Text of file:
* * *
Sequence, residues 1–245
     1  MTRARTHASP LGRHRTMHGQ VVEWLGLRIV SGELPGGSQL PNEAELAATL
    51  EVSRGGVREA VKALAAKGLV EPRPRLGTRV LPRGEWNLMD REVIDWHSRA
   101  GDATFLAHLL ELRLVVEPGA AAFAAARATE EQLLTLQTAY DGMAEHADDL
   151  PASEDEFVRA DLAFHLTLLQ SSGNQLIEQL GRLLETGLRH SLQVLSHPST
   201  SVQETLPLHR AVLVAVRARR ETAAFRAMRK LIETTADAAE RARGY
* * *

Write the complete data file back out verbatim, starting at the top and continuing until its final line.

Sequence, residues 1–245
     1  MTRARTHASP LGRHRTMHGQ VVEWLGLRIV SGELPGGSQL PNEAELAATL
    51  EVSRGGVREA VKALAAKGLV EPRPRLGTRV LPRGEWNLMD REVIDWHSRA
   101  GDATFLAHLL ELRLVVEPGA AAFAAARATE EQLLTLQTAY DGMAEHADDL
   151  PASEDEFVRA DLAFHLTLLQ SSGNQLIEQL GRLLETGLRH SLQVLSHPST
   201  SVQETLPLHR AVLVAVRARR ETAAFRAMRK LIETTADAAE RARGY